Honey, What's On Aol Tonight?
When Ted Leonsis talks about America Online Inc.'s planned cybershow Beggars & Choosers, he could just as easily be talking about his own life. The online soap tells the tale of a group of executives at a fictional television network through video clips and internal E-mail messages between the characters--a virtual Melrose Place meets Network. The choosers in the title are the network execs, who decide which TV shows live and which die. The beggars are the independent producers, who peddle their shows in hopes of landing a slot on the network lineup.
These days, Leonsis, who heads up AOL Studios, the content production arm of AOL, falls in the "beggar" category. His mission is to create jazzy online networks--focused on such themes as entertainment, games, or sports--that act much like super Web sites with programming, a la Beggars & Choosers, as well as info and news. Leonsis must then win spots for these networks not just on AOL--a virtual slam dunk--but on Internet services, popular search engines, and even AOL's archrival, Microsoft Network. His goal: to have the networks available to 20 million U.S. homes by the end of 1998. "There are only a few mega-brands among the cable networks," says Leonsis. "And that's the way it will be in this business."
But will AOL's content brand be among them? It's too early to call, but clearly Leonsis has carved out a knotty game plan. For one, few players have figured out what kind of online entertainment grabs consumers. And while AOL has had some hit content--notably finance site Motley Fool--most subscribers spend the bulk of their time doing things like chatting and sending E-mail. Cowen & Co. analyst Jamie Kiggen figures that AOL subscribers spend about 30% of their time in proprietary content areas. "If you are talking about real broad-based hits," says Peter Krasilovsky, vice-president at market-research firm Arlen Communications Inc., "we just haven't seen it yet from AOL."
But then, AOL isn't banking on big hits right away. Leonsis' mission is just one in a multipronged strategy that AOL CEO Stephen M. Case set in motion last fall when he split the company into three pieces: ANS Communications, the nuts-and-bolts access business, AOL Networks, the core online service, and AOL Studios, the content creation arm. The catalyst: the explosion of the Internet and the realization that if all three businesses were to flourish they would need to be free to exploit the Net--even if it might indirectly hurt the other businesses. Leonsis, for example, will try to make his content ubiquitous on the Web and elsewhere, though that could make it tougher for AOL Networks to be a standout. Says Case: "It was important to separate them and let them run with their own agendas."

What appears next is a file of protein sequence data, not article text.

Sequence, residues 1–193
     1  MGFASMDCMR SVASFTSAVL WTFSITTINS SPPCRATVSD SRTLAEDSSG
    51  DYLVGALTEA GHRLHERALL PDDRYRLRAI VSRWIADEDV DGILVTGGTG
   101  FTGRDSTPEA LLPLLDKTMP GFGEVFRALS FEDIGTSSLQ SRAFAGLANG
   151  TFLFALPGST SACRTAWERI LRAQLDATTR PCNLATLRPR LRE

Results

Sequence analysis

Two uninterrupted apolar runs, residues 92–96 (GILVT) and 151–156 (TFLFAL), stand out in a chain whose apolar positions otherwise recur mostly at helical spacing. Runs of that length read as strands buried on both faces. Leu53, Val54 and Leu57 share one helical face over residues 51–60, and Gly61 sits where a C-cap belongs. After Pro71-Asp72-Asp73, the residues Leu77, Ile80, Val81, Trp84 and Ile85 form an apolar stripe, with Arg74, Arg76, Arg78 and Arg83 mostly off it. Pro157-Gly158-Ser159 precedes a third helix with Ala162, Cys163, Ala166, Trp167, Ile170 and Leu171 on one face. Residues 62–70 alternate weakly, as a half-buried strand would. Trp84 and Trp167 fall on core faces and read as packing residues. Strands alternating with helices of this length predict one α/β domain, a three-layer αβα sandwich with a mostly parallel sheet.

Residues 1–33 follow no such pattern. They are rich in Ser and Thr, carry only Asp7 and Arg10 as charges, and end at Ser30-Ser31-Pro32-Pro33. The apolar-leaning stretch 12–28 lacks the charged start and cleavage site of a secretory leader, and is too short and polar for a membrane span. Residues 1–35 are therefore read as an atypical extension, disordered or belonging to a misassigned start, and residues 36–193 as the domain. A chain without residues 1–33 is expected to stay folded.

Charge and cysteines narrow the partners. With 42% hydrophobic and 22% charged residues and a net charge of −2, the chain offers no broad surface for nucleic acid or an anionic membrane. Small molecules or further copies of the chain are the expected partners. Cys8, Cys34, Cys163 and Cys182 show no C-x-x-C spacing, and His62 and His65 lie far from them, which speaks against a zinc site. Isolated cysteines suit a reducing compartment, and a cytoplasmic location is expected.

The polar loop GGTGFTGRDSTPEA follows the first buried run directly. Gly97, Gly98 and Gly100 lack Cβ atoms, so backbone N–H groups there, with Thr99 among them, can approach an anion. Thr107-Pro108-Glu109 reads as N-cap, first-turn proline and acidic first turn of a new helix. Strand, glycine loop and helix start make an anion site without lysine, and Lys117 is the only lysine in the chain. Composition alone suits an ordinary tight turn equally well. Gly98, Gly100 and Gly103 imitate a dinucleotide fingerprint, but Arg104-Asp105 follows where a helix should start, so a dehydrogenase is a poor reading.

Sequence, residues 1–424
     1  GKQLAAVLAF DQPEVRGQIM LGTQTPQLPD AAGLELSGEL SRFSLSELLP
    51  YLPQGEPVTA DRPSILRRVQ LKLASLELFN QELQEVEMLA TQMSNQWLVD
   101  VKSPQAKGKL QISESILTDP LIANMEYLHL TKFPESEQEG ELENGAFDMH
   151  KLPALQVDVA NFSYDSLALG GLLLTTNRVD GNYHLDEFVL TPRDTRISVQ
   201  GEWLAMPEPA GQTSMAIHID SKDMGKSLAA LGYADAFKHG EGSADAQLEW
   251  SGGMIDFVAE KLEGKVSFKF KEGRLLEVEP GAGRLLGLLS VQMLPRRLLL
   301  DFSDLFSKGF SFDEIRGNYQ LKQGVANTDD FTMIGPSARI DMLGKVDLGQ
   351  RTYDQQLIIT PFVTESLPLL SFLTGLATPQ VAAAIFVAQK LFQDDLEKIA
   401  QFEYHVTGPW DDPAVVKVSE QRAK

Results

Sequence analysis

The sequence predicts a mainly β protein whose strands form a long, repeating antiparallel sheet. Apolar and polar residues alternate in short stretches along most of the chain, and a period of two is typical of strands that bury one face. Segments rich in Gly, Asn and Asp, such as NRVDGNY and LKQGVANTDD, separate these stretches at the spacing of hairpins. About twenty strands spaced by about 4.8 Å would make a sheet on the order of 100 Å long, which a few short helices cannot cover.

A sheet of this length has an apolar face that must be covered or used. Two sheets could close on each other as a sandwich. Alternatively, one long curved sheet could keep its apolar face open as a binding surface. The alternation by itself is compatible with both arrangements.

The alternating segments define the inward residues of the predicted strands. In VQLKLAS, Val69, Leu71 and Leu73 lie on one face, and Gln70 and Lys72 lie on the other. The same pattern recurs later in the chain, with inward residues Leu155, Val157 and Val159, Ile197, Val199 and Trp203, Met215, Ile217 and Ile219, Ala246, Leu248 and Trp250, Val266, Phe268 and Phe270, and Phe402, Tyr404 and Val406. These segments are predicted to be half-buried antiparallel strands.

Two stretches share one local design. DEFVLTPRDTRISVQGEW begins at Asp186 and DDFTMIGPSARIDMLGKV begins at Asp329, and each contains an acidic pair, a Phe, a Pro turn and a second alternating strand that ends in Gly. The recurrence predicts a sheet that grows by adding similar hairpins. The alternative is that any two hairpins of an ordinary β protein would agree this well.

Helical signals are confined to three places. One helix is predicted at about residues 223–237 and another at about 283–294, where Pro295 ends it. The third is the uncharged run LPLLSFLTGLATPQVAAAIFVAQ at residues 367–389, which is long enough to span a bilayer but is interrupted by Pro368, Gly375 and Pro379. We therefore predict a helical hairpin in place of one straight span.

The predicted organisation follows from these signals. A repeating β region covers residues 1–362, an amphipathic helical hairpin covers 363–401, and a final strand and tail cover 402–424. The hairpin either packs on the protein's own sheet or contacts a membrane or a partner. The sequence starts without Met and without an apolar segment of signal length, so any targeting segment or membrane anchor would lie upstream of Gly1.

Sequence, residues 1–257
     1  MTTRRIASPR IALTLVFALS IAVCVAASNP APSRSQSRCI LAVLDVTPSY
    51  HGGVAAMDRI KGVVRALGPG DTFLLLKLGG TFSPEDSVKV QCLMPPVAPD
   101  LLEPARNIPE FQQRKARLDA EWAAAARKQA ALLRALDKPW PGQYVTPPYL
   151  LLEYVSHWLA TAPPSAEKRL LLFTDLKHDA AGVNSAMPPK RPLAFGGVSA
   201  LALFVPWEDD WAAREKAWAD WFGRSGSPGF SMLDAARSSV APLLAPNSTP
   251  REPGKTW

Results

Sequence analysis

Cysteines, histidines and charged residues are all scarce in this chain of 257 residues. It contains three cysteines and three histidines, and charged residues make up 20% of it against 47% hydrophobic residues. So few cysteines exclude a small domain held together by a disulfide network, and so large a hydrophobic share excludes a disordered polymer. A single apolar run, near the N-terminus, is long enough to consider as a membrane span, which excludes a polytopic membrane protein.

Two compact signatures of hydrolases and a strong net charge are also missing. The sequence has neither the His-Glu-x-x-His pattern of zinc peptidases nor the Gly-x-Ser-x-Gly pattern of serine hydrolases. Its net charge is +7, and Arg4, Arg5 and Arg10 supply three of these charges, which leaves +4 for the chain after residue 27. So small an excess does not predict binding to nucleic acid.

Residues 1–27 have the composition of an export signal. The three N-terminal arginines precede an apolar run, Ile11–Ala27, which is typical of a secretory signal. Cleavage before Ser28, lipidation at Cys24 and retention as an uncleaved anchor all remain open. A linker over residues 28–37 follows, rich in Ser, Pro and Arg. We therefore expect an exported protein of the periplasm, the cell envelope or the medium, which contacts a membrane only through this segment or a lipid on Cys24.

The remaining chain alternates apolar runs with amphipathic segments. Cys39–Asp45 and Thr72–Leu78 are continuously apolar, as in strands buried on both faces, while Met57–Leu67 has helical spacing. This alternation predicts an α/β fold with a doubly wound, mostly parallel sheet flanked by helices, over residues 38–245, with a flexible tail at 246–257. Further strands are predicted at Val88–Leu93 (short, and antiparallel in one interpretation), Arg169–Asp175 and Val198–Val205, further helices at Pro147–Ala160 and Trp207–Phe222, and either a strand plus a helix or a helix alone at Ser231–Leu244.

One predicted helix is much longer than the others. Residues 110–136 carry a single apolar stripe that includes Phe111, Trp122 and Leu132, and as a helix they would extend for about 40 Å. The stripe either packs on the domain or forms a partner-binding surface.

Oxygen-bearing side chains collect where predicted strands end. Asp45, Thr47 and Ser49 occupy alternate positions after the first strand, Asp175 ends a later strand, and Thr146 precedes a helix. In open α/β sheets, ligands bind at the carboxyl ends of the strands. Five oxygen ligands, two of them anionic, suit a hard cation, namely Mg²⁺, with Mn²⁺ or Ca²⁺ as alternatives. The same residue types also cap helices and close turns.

AOL Networks, which controls the operation and programming of the online service, is still the big breadwinner. It delivers nearly all of the company's expected $1.7 billion in revenues for the fiscal year ending June 30. ANS, the access arm, gets 84% of its expected $198 million in revenues from providing network capacity to the AOL service; the rest comes from network services to outside corporations.
Leonsis' operation generates minuscule revenues, yet it's critical to AOL's long-term success. Nearly every online company is making it easier to navigate cyberspace. That's putting pressure on AOL's business of packaging the online world for easy consumption.
In the future, the real payoff could come from creating and owning unique content. "This is something AOL absolutely needs to do," says Jupiter Communications analyst Mark Mooradian. Leonsis' plan: bring in millions of dollars by selling ads and sponsorships on the new networks and charging syndication fees to Web-site operators keen to use the content. Cowen expects AOL Studios to generate revenues of about $115 million in fiscal year 1998.
The entertainment network will be one of the first ventures out of AOL Studios. Developed in partnership with former NBC whiz Brandon Tartikoff, the new network will launch simultaneously on the World Wide Web and AOL this fall. It will be made up of entertainment news, info, chat, and online comedies and dramas. Also in the works: networks for games, sports, and women's issues.
NOT SO FLUSH. Leonsis has ambitions beyond cyberspace, as well. Already, Tartikoff is developing a Showtime series based on Beggars & Choosers that will air in the fall and be integrated into the online version. "That's what will make this business sing," says Leonsis.
Deep pockets help, too. Take sports. AOL has some popular sports sites--such as Extreme Fans, which offers info and chat for sports fans--that could become part of a bigger network. But Leonsis would be up against the likes of ABC and its popular ESPN SportsZone, and the CBS-backed SportsLine. On the entertainment and game fronts, AOL Studios faces Microsoft Corp., which lavished some $100 million on original MSN programming last fall.
Leonsis is not so flush. While America Online finally broke out of the red last quarter, earning $2.6 million on $456 million in revenue, cash stood at just $197.8 million. Leonsis won't be able to depend exclusively on the parent company for funding. Analysts say he is trying to raise capital through a private placement or outside investor.
Leonsis does, however, have one big advantage: AOL's 8 million subscribers. Tartikoff says that's one of the main reasons he sought a deal with AOL. "If you want to reach the most people," says Tartikoff, "AOL's distribution system gives them to you." Now if Leonsis can just come up with some hits, he may find himself doing far less begging.